Global Distress (Well-being) Factor

Over the last two decades, it has become clear that virtually all patient self-report outcome measures commonly used in psychotherapy research are, to a large extent, measuring a common factor, usually referred to as global distress.

The most popular outcome measures are highly correlated with one another. For example, Brophy et al (1988) found that the The Symptom Checklist-90-R sub-scales all load on a common factor, and likewise correlate with similar scales from other measures. Doefler et al (2002) found that the OQ-45 and the BASIS-32 are highly correlated with one another. Miller et al (2003) likewise found that the Outcome Rating Scale correlates with the OQ-45. Enns et al (1998) performed factor analyses on the Beck Depression Inventory and the Beck Anxiety Inventory. To quote from the abstract...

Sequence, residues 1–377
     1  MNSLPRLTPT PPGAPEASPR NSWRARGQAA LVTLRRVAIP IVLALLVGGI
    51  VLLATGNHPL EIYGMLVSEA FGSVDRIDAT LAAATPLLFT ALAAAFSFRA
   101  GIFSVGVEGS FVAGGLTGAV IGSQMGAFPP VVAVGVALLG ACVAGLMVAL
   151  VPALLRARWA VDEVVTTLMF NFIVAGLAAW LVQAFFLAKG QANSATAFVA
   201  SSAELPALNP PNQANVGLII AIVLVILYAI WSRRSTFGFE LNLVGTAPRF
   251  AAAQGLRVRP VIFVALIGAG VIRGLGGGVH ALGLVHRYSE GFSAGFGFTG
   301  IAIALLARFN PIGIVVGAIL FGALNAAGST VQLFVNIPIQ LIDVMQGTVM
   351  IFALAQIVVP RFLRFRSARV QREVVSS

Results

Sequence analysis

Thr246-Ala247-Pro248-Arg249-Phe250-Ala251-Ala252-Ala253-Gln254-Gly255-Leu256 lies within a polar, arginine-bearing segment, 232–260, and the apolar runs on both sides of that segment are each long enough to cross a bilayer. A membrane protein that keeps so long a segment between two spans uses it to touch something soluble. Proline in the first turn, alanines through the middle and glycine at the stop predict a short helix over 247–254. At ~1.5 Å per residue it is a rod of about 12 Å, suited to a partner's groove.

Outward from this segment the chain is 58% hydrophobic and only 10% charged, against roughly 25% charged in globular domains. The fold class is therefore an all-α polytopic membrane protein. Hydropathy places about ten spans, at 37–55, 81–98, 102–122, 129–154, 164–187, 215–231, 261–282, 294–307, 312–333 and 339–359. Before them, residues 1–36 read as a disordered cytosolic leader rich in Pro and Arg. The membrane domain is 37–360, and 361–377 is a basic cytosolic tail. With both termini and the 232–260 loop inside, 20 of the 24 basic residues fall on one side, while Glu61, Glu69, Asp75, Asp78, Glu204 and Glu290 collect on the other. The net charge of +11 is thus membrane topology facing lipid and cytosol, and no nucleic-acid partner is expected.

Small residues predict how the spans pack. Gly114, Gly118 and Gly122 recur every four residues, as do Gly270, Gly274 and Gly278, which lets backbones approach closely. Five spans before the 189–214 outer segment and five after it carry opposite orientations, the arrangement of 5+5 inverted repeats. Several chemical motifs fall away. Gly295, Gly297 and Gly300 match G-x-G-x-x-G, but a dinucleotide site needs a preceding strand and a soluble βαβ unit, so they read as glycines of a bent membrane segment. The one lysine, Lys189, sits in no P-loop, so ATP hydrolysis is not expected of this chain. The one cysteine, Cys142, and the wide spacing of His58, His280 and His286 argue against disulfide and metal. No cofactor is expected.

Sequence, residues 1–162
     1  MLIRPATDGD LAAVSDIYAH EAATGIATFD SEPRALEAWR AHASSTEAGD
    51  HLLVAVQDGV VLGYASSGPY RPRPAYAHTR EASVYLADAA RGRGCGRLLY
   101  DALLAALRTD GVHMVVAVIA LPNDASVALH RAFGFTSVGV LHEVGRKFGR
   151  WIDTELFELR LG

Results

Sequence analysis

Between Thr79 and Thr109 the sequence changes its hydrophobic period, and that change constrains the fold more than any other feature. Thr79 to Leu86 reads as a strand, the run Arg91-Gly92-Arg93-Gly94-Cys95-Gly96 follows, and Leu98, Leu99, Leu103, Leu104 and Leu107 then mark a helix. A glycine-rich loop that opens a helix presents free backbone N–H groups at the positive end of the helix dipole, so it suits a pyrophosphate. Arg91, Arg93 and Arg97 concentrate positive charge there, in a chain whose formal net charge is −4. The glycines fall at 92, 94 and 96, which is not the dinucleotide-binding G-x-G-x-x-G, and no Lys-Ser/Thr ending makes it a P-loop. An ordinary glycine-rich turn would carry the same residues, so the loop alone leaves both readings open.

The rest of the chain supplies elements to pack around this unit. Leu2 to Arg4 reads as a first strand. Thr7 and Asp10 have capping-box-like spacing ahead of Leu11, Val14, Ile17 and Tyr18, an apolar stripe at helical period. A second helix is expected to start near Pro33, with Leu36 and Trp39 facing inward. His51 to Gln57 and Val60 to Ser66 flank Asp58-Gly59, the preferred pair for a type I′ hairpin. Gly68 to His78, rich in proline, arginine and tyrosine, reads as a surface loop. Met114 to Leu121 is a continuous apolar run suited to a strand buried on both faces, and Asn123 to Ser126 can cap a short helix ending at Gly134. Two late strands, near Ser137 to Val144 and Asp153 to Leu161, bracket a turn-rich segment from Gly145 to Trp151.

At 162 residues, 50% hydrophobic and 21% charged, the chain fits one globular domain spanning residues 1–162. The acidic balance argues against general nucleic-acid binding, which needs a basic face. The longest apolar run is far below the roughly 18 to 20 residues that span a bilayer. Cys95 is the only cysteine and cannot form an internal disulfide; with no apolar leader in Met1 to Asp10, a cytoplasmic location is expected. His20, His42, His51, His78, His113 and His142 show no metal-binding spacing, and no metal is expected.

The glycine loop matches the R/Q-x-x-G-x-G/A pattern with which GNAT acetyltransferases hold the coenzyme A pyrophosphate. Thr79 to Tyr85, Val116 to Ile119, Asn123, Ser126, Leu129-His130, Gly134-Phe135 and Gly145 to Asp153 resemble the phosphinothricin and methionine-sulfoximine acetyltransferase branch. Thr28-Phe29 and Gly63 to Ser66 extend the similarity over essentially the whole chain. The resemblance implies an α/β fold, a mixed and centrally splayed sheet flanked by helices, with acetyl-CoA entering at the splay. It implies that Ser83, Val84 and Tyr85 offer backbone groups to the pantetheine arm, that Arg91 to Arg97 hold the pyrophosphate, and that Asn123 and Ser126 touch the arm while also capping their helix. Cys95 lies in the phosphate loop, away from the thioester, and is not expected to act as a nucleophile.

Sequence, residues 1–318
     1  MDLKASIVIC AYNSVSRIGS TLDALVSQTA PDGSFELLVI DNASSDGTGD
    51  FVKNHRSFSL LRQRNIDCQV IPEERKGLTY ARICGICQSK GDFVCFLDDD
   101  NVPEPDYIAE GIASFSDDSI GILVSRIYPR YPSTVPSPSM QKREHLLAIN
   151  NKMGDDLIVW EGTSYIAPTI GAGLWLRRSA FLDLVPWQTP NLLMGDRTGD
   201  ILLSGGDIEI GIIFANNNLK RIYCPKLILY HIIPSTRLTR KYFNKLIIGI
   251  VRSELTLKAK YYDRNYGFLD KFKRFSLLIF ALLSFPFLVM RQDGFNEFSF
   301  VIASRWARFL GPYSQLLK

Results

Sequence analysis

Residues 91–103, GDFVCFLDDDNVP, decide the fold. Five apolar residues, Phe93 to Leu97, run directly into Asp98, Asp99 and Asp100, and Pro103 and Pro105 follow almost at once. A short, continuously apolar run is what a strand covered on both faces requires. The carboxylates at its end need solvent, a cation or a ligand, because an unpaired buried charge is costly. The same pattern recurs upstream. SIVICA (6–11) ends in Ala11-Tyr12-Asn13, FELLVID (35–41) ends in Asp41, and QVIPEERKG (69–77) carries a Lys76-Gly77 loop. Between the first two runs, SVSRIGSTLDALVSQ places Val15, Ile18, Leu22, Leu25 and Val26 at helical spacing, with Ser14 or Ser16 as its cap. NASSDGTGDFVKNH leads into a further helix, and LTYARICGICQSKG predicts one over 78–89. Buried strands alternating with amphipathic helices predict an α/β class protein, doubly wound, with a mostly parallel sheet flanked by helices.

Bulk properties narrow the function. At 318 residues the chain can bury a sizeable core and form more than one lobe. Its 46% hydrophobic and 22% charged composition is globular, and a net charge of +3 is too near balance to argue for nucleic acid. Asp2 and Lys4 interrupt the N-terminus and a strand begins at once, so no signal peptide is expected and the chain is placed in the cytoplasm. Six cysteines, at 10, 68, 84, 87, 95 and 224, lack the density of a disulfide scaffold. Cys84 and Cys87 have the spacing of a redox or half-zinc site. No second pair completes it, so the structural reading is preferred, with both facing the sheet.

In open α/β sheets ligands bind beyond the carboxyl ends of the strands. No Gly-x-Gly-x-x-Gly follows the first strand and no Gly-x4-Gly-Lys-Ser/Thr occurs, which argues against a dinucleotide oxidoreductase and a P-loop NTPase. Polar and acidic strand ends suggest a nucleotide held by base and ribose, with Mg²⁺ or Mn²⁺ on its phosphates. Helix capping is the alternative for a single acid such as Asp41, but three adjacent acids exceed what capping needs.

"However, the parameter estimate was very high (0.784) and a unidimensional, single-factor model of negative affectivity approached the criteria for good fit. It was concluded that the Beck Anxiety and Depression Inventories assess distinct anxiety and depression phenomena to a limited extent when used in a clinically depressed sample."

What does Global Distress correlate with?

-Eating Disorder Symptoms




-Attention Problems

-Quality of Relationships

-Day to Day Functioning

-Workplace productivity